The effect of trees on intercrop yield Farmers are often more familiar than foresters with tree-crop associations (e.g. shelterbelts and wind-breaks). However, to date, the development of ICS whereby rows of trees are ‘inserted’ into crop production areas remains a rare practice in the agriculture sector. It is a well-known fact that young hardwoods generally cause only a negligible loss of productivity in associated crops; this effect could even be benefi cial in some cases. However, as time passes, intercrops could suffer from competition with trees for light, water and nutrients in the soil. In Quebec and Ontario, studies have shown that the yield losses of crops such as soybeans and corn are generally a result of tree shade (Reynolds et al. 2007; Rivest et al. 2009). Several options can help to control competition for light. These include: i) giving preference, from the planting stage onward, to wide spacing between trees and within and between rows; ii) opting for tree species and clones that minimize shade (high porosity and low canopy width); iii) giving preference to thinning and continued pruning; and iv) positioning the tree rows along a northsouth axis.

The effect of shade is not always a decrease in the yield of the associated crop. Some forage plants (e.g. tall fescue) can, under partial shade (i.e. 50%), produce a total biomass and protein content greater than those observed in full light (Lin et al. 1999). In Ontario, Clinch et al. (2009) also observed improved performance of a willow crop under moderate shade compared with the same crop grown in monoculture (Photo 7).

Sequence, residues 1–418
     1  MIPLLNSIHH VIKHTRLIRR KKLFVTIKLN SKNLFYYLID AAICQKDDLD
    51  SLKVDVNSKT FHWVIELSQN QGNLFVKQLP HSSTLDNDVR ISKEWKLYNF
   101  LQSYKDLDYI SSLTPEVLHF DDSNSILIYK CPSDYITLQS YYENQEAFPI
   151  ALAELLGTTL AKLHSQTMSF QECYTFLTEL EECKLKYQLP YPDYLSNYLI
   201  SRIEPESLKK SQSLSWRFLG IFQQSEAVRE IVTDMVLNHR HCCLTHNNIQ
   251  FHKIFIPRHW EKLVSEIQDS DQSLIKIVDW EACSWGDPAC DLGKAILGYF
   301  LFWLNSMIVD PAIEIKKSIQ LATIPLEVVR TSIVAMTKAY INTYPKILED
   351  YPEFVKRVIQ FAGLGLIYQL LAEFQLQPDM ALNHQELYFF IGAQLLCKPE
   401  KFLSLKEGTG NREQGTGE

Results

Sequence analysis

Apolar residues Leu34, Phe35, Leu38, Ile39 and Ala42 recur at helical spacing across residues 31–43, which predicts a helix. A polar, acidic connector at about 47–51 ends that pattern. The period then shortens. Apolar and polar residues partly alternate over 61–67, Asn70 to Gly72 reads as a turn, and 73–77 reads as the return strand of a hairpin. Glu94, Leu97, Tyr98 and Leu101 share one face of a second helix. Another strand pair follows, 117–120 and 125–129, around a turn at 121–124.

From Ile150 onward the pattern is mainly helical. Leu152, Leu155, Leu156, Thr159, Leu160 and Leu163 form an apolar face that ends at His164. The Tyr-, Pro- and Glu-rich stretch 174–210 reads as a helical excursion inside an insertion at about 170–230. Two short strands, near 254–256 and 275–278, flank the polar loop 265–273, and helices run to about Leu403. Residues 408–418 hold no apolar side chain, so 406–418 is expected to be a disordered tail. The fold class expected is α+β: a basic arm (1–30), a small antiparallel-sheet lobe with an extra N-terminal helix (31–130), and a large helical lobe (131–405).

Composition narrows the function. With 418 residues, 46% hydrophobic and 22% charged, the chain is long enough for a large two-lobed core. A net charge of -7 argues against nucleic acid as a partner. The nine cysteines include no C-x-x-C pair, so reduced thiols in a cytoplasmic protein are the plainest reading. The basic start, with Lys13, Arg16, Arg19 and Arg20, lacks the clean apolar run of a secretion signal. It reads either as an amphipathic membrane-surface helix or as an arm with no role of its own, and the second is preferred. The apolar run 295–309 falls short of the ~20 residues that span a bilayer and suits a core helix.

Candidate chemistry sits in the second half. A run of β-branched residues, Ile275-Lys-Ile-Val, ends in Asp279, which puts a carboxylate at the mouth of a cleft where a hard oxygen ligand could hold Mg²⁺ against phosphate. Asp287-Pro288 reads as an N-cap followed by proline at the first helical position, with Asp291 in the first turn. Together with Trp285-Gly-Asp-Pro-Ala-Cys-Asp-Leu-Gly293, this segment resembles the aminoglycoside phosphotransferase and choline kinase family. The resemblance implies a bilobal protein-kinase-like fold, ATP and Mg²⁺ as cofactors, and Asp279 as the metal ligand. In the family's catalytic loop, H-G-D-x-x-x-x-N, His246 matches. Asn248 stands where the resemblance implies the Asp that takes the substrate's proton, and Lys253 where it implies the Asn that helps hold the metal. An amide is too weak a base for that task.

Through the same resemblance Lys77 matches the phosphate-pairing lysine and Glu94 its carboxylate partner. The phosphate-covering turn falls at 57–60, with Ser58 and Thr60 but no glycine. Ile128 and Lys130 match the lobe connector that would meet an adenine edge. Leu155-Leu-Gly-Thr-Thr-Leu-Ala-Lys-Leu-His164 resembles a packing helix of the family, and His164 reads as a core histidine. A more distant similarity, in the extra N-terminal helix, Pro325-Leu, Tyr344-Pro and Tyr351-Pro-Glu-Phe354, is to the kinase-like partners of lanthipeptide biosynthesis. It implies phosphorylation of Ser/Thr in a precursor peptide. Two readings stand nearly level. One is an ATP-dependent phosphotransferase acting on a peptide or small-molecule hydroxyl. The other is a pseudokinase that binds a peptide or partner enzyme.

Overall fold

In the United States, some research has shown that tree competition for water can become critical to the point of signifi cantly decreasing the productivity of the associated crops (Jose et al., 2004). However, it is possible to neutralize this competition by undertaking tree root-pruning; i.e. by mechanically control-ling tree roots to prevent them from extending into the crop area (Photo 8). The few trials that have studied competition for nutrients in the soil have proven this competition to be generally negligible in that the nu-tritional requirements of intercrops are normally met through standard fertilization practices (Miller and Pallardy, 2001).